Age-related macular degeneration (AMD) and cardiovascular disease share multiple risk factors, which suggests that therapies that work for one may benefit the other.
Until recently, results of studies focusing on statin therapy for AMD have been mixed and inconclusive. Now, however, a small pilot study indicates that large daily doses of the statin atorvastatin (Lipitor) may block the progression of AMD for some people.
The study involved 23 people with dry (atrophic) AMD who were at high risk for advanced AMD. They were given a high dose of atorvastatin (80 mg).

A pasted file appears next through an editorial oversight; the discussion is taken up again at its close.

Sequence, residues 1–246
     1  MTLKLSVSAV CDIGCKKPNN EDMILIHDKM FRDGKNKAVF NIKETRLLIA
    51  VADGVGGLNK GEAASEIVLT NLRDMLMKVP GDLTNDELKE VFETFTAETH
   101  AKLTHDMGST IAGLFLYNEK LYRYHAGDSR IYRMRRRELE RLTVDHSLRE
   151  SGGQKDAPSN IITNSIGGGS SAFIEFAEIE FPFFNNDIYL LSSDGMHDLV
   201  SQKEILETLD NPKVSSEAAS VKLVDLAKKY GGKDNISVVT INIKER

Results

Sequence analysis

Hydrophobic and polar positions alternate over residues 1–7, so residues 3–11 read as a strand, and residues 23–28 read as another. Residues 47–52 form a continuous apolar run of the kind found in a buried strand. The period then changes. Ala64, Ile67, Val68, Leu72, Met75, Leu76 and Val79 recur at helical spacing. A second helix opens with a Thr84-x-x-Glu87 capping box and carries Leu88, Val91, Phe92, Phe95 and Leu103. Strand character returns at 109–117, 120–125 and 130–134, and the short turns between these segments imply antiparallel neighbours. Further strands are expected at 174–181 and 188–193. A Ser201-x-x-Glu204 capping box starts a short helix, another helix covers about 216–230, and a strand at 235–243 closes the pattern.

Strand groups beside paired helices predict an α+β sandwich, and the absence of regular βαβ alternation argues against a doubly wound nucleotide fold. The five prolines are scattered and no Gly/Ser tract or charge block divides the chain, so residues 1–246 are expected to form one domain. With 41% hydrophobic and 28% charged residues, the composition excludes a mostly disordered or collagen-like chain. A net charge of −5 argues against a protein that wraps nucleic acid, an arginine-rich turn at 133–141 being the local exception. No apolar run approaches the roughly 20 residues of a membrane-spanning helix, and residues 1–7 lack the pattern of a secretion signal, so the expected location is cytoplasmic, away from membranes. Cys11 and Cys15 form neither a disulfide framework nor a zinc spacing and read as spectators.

After one year, 10 participants had significant reduction of drusen and improved vision scores.
Reducing drusen does not automatically reduce risk. Reduction can occur spontaneously and often precedes the development of new blood vessels behind the retina or atrophy of the retinal pigment epithelium, which leads to advanced AMD.
But by the end of the pilot study, none of the participants, regardless of reduction status, had developed wet (neovascular) AMD.
It isn’t clear why only some participants responded with reduction of drusen or whether treatment had only delayed progression rather than prevented it. AMD treatment responses vary from person to person.
Future studies with larger populations and longer follow-up are needed to confirm the benefit of statin therapy for at least some people.
Source: Ebiomedicine, Volume 5, page 198 Feb. 4, 2016